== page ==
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Paul G. Harris

China is experiencing profound adverse environmental changes, many of them driven—and all exacerbated—by rapid economic growth. Attitudes toward the environment in China are ambiguous. Nevertheless, these attitudes are indicators of how the Chinese view the natural environment and how they are likely to behave toward it and respond to efforts to protect it. They are also important precursors to actions by the Chinese government to address environmental problems that affect the rest of the world. Environmental awareness and attitudes are associated with individuals' educational level, socio-economic status, living environment, and exposure to media. By understanding the Chinese view of the environment and the degree to which they prioritize it (or not) relative to other important issues, Chinese and international policymakers and stakeholders can enhance their capacity to perhaps start shifting these attitudes, values, and behaviors toward those that might do less harm to China's environment and the world's. This article reviews findings on environmental awareness, attitudes, and behaviors, and makes observations on their implications for environmental governance in China. Information is drawn from Chinese survey data, secondary Chinese-language sources, and related tertiary literature.

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Henning Best

This article aims to empirically test the so called low-cost hypothesis. The hypothesis posits that cost moderates the strength of the relationship between environmental concern and behavior. The effects of the behavioral cost and environmental concern on household waste recycling were evaluated, using empirical data collected from 2,695 respondents in Cologne, Germany. Empirically, a clear effect of both behavioral cost and environmental concern can be identified. Recycling rates are higher when a curbside scheme is implemented or the distance to collection containers is low. In addition, the probability of recycling participation rises when the actor has a pronounced environmental concern. This effect of environmental attitudes does not vary with behavioral cost and opportunities. Therefore, the low-cost hypothesis is not supported by the study.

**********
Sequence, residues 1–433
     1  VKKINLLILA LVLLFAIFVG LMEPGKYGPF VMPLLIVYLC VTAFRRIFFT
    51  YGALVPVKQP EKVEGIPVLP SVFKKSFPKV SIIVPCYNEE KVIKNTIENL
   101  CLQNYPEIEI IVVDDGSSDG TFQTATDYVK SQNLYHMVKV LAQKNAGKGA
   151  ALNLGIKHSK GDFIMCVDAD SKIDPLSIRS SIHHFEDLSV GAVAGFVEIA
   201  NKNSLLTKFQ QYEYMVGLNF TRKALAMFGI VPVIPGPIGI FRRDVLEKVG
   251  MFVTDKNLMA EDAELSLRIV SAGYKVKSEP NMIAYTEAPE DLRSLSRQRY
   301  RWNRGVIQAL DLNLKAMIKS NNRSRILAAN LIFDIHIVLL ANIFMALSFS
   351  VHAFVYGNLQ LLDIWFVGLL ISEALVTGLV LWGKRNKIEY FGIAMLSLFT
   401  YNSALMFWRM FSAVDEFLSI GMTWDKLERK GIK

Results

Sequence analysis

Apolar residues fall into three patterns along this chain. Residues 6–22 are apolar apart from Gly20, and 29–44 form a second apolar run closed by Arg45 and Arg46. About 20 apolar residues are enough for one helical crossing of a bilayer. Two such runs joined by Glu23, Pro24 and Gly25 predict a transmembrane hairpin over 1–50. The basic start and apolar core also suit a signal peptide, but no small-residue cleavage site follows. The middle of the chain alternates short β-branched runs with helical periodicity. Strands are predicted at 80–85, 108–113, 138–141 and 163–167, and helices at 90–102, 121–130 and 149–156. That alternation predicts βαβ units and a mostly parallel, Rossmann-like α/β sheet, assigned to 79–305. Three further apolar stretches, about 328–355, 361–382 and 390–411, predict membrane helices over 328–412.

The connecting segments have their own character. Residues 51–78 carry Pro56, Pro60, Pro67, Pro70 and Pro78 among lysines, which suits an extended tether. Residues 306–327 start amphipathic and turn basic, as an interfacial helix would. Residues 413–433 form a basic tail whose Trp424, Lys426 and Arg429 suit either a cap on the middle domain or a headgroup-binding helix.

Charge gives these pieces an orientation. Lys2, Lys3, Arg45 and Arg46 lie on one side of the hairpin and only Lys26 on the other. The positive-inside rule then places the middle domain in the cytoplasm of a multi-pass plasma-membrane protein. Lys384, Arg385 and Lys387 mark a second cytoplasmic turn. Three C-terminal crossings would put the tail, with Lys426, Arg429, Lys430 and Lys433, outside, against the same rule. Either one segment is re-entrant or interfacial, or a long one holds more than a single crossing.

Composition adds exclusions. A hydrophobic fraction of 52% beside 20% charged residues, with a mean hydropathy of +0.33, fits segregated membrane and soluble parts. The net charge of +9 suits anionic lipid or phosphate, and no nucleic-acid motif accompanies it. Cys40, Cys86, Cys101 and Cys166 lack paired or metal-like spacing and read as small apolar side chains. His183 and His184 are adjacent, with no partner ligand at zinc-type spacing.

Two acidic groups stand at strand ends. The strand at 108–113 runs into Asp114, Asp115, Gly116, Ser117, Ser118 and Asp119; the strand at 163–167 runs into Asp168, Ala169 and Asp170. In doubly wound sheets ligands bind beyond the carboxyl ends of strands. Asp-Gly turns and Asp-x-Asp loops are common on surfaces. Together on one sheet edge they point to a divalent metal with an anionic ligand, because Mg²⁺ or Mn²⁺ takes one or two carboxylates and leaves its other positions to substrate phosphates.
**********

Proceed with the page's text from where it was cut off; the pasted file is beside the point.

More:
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Marianne Ryghaug and Marit Toftaker

This article focuses on the introduction of electric vehicles in Norway and how electrical cars are understood culturally in relation to conventional car use. Theoretically, elements of social practice theory and the analysis of processes of domestication are combined to frame practical, cognitive, and symbolic dimensions of electric car use. The empirical data consists of individual and focus group interviews with electric car users. The analysis unpacks the implications of user-designated meaning in driving practices, competencies considered necessary when driving electric cars, and the material aspects regarded as critical features of electric car driving. Preliminary findings suggest that the practice of electric car driving alters user habits by making transportation needs more salient and raises both the technological and energy consumption awareness of users.

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Maria Claudia Mejía Gil and Claudia Puerta Silva

*Full forum is in Spanish

English abstract:

Increased consumption of goods and services has contributed to environmental crises. Responsible consumption movements and the factors that contribute to the formation of pro-environmental behaviors have emerged in the Global North. Few studies have advanced in identifying the factors that aff ect the appropriation of pro-environmental practices in the Global South, specifically in cities of countries with emerging economies and fast urbanization. Through semi-structured interviews and non-participant observation conducted with 34 families from diff erent socioeconomic categories in Medellin, Colombia, we addressed the following questions: Do environmental concerns infl uence consumption and waste practices? What factors aff ect the appropriation of environmental practices? Although diff erent factors limit responsible consumption, the results of this study show that pro-environmental practices related to consumption and waste contribute to the formation of pro-environment citizenships.